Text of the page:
Side B: maenad riding a bull

Side A: oblique from left

Side A: oblique from right

Side B: scene at center

Side A: scene at center

Side B: maenad

Collection: Toledo Museum of Art
Summary: Side A: Herakles and AcheloosSide B: A maenad riding a bull
Ware: Attic Black Figure
Painter: Attributed to the Leagros Group
Date: ca. 510 BC - ca. 500 BC
Dimensions:

H. 0.33 m., d. rim 0.156 m., d. body 0.217 m., d. foot 0.11 m.

Primary Citation: ABV, 370.124; Para, 162
Shape: Neck amphora
Period: Late Archaic


Condition:

Some flaking of added white.

Decoration Description:

Side A: Herakles and Acheloos. On the left of the field, Herakles bears weight on his right foot, raises his left foot in a kick or step forward, grabs Acheloos's horn with his left hand and reaches toward his opponent's chest with his right. Herakles appears here without his lionskin; he wears only a himation wrapped around his waist and a fillet in his hair. His sword hangs in its scabbard by his side, while his bow and quiver are suspended in the field behind his head and his club leans in the air behind his feet. On the right, Acheloos is prepared for both attack and defense, as he supports himself in a wide-legged stance with his hindquarters, kneels or flails with his front feet, and holds a stone in each hand, the right raised to throw. His rump bears a brand, resembling a snake. A leafed tree grows behind him.

Herakles's beard, part of his quiver, a fold of his himation, as well as the decorative dots on both it and the fillet show added red. Similarly, Acheloos's beard, as well as marks on his right breast and left (bovine) shoulder are red. Added white appears in the dotted triplets decorating Herakles's himation, the hilt of his sword, the tip of his scabbard, part of his quiver and a probable baldric (flaked off), Acheloos's two stones, and blossoms on the tree.

Side B: Maenad riding a bull. The maenad is wearing a chiton, himation, and fillet and is holding up a wreath in her left hand. She sits astride the bull's back, both maenad and bull facing right. A brand like a snake is incised on the bull's rump. From behind maenad and bull emanate leafed branches with no obvious root or stalk.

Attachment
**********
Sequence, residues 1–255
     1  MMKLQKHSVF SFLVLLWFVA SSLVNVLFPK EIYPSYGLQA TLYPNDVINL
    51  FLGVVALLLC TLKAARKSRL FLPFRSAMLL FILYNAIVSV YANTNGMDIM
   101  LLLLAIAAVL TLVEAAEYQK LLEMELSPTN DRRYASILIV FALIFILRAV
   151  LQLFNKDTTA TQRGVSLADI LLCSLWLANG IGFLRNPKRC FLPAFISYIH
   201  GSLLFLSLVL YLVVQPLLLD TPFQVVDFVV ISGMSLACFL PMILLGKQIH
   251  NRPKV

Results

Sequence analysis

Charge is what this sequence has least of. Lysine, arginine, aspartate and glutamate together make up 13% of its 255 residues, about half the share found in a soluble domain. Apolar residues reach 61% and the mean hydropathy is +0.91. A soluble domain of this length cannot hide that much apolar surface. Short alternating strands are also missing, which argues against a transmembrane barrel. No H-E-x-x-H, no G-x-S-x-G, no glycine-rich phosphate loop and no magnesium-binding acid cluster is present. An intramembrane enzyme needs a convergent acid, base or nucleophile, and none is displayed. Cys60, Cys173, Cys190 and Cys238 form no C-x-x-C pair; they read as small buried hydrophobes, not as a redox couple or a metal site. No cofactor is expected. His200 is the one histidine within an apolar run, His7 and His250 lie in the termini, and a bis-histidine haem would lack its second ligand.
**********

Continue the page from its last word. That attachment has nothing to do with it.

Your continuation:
The maenad's fillet, marks on her himation and chiton, and rows of dots and marks on the bull's body appear in added red. Added white includes the flesh of the maenad, dots on her wreath, the bull's scrotum and a stripe on its belly, as well as the same kinds of tree blossoms seen on side A. Further added red shows in fillets that separate the neck from the shoulder, and the foot from the body of the vessel.

The neck of side A is decorated with a lotus and palmette chain; on side B, a central pendant palmette flanked by two that are upright fills the same space. Side A's shoulder bears red and black alternating tongues, while the tongues on side B's shoulder are uniformly black. Below each handle are quadruple lotus and palmette designs. Rays at the base of the vessel point upward to a chain of buds and dots with a reserved space above, bounded by the ground line of the main panel. The flat surface of the outward sloping echinus mouth is reserved, while the profiled interior is glazed to shoulder level.

This vessel's scenes have sparked discussion by several authorities. On the resemblance of the struggle to a centauromachy, specifically the use of stones, see Isler 1970, p. 18. Lullies, 1971, AK 14: 47, note 16 discusses the brands, while Technau, 1937, "Die Göttin auf dem Stier," JdI 52: 76 ff. examines the identities of female figures riding bulls.

Collection History: Ex collection Spinelli (Suessula).

Sources Used: CVA, USA fasc. 17, pp. 6-7, pls. 11-12

Other Bibliography: Duhn, 1887, RM 2: 258, pls. 11-12, figs. 2, 3; Brommer 1956, p. 1, no. 8; Brommer 1960, p. 1, no. 8; Washington 1962, p. 86; Riefstahl 1968, p. 37; Isler 1970, pp. 18, 27, 117, 136, pl. 5; Moore, M. B., 1972, AJA 76: 3 and note 11; Brommer 1973, 3, no. 8